As we study 1 Nephi 8–10 this week, the Come Follow Me manual invites us to create a chart pairing five symbols from Lehi’s dream with the meaning of that symbol, and consider questions to ponder about each symbol. Many readers are of course aware that Nephi has a vision that offers expansive interpretations of the many symbols, and the manual encourages us to read passages from the vision while doing this exercise. There is also extensive modern commentary on the dream from General Authorities and religious educators. All of those are wonderful resources.
Here, I’d like to offer some ancient Israelite and Near Eastern perspectives on the main five symbols of Lehi’s dream, not as a replacement of the interpretations by Nephi or modern commentators, but as a complimentary supplement—something additional to consider and ponder. In many cases, these ancient perspectives actually support the interpretations by Nephi, or at least help us understand how he deciphered the symbolism put before him by his angelic guide.
As you read Lehi’s dream this week, I hope these ancient perspectives can enhance both your understanding of the dream as Lehi experienced it and your own effort to experience the dream and apply its symbolism to your own life and circumstances.
1. The Tree and Its Fruit
The tree of life, or sacred tree (also called “world tree” by some cultures) is one of the most universal symbols in antiquity throughout the world. Virtually every culture has a tree of life symbol. In ancient Israel, the menorah was a symbol of the tree of life, representing an almond tree, which bloomed with radiant white blossoms in the spring. Other iconographic depictions of the tree of life in the ancient Near East portray it as the date palm tree, while others represent it is a white cypress (even though cypress is usually a very dark tree). Other sources describe the tree as bright and fiery, like the sun. It’s fruit, in one source, is described as being like “white grapes.”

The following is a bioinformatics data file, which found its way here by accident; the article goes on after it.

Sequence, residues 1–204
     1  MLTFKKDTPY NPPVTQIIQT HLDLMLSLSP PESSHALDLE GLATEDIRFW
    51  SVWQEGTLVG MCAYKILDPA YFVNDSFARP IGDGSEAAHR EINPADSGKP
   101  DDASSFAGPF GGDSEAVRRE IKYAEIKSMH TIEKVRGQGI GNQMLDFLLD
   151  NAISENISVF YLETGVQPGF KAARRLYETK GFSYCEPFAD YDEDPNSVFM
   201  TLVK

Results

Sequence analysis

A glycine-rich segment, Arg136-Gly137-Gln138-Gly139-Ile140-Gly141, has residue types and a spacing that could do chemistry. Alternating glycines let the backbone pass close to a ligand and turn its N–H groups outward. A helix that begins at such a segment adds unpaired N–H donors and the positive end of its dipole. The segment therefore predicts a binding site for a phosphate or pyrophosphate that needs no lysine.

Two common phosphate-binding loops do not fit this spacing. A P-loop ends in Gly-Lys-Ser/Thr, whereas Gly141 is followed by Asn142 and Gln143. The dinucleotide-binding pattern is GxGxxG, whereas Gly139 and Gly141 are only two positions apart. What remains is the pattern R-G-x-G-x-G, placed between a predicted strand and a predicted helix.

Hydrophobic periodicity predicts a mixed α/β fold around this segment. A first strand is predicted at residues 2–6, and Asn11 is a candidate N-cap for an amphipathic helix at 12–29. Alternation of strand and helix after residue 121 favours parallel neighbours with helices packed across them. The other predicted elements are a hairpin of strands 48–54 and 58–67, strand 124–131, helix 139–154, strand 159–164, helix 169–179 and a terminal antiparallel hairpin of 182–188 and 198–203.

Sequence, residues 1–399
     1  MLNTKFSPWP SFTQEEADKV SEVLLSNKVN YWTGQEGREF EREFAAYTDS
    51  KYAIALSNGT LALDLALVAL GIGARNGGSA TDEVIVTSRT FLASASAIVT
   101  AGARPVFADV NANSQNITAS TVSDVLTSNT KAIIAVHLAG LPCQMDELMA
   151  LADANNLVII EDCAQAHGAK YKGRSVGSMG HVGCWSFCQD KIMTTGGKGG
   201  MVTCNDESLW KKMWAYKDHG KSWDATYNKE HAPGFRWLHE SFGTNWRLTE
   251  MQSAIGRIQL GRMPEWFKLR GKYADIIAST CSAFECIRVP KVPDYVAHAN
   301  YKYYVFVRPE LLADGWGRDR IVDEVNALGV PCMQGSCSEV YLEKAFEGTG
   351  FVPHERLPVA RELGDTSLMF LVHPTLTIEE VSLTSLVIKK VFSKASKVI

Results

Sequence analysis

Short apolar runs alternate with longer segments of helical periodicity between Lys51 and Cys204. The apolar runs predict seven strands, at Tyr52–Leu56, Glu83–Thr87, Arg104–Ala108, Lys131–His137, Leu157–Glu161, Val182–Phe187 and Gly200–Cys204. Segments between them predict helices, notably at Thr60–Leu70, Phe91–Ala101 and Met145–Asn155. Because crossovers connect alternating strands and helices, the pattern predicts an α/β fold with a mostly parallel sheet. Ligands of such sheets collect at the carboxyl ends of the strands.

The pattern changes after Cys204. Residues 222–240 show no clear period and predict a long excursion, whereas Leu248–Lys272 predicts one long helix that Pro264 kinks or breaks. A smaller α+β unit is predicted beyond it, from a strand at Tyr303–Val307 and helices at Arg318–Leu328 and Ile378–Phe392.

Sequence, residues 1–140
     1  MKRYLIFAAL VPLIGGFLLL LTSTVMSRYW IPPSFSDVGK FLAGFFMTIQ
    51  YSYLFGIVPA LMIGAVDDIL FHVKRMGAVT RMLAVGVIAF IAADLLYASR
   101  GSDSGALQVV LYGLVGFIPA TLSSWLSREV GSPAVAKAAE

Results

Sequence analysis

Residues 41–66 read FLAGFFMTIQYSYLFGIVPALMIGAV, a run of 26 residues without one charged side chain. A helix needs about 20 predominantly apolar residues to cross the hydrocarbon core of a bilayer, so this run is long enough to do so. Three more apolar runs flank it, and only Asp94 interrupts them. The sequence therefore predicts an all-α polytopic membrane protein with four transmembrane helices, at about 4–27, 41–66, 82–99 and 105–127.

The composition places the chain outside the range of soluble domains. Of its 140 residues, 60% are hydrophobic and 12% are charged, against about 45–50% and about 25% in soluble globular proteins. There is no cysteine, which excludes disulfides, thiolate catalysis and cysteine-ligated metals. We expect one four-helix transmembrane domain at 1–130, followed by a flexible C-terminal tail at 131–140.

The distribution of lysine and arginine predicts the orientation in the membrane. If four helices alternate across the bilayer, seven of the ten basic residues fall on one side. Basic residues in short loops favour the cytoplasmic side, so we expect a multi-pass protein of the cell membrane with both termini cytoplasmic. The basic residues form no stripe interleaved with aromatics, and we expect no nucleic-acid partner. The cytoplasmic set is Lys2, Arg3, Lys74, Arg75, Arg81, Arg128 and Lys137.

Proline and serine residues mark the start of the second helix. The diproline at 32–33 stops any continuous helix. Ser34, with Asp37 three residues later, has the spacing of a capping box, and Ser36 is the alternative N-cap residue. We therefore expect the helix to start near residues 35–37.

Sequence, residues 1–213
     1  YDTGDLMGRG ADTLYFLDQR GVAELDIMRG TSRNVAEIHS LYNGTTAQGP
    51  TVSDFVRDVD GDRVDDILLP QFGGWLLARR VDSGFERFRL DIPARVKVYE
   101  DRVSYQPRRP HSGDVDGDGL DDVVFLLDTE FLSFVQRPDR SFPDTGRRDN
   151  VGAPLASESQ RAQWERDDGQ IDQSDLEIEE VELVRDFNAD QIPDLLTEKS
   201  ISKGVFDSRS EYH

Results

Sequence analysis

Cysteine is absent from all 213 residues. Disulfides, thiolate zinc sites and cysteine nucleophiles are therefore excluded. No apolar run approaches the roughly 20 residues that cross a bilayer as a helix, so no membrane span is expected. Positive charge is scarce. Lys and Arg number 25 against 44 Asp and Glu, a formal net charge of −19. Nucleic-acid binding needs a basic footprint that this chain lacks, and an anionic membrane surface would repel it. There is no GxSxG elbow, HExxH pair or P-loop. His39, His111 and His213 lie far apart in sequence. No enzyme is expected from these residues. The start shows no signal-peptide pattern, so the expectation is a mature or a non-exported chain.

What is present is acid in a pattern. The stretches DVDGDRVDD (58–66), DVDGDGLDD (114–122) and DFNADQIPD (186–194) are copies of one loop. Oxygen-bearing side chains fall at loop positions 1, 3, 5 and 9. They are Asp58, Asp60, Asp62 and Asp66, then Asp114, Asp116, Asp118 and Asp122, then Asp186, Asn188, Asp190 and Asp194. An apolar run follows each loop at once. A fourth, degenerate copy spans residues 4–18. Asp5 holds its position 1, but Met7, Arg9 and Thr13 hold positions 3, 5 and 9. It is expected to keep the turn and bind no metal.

The tree in Lehi’s dream is given a similar description:
- the beauty [of the tree] was far beyond, yea, exceeding of all beauty
- the whiteness thereof did exceed the whiteness of the driven snow.
- the tree … is precious above all. (1 Nephi 11:8)
As is the fruit:
- [the] fruit was desirable to make one happy.
- it was most sweet, above all that I ever before tasted.
- the fruit thereof was white, to exceed all the whiteness that I had ever seen.
- [eating the fruit] filled my soul with exceedingly great joy (1 Nephi 8:10–12)
In the ancient Near East, the tree of life was commonly associated with a goddess regarded as the “mother of the gods/sons of god.” In early Israelite religion this was manifest in a Heavenly Mother figure known as Asherah, who was not only the mother of divine beings in the heavenly council, but was also regarded as the mother of the Davidic king—i.e., the Messiah. (Belief in such a Heavenly Mother figure is no problem for Latter-day Saints.)
Nephi’s vision actually reflects this understanding in an interesting way. When he asks the meaning of the tree, he is shown a virgin, who eventually bears a child her arms—a child identified as the Son of God and Messiah (1 Nephi 11:9–23). Compare Nephi’s description of the virgin to that of the tree and its fruit:
- she was exceedingly fair and white.
- most beautiful and fair above all other virgins. (1 Nephi 11:13, 15)
And the virgin is identified as “the mother of [the Son of] God, after the manner of the flesh” (1 Nephi 11:18, brackets added in 1837). As Daniel C. Peterson has pointed out, Nephi appears to have transferred the tree of life imagery and symbolism of the Messiah’s divine mother and applied it to the Messiah’s earthly mother—Mary. The fruit of the tree, then, is quite naturally the fruit of Mary’s womb—the divine Messianic child, Jesus of Nazareth.
Hence, Nephi is able to understand that the tree and its fruit represent the “love of God,” embodied in God the Son’s condescension as a defenseless child to a mortal mother in humble circumstances (1 Nephi (1 Nephi 11:16–22).
2. The River
Lehi sees a river of water running near by the tree (1 Nephi 8:13). In the real world Lehi was traveling through at this time—ancient Arabia—rivers ran through deep, often narrow canyons or gorges known as wadis, which if encountered from a top the mountains were typically impassable divides. Indeed, the river-valley he was camping in at the time, known as the “Valley of Lemuel” was likely one of these wadis. Most of these wadis only had flowing water in them during (and immediately after) the rainy season, but the heavy rains combined with the narrowness of the canyons frequently turned these wadis into torrents of filthy, muddy water which quickly swept away anybody caught in their deep and rapid flows of mud and debris.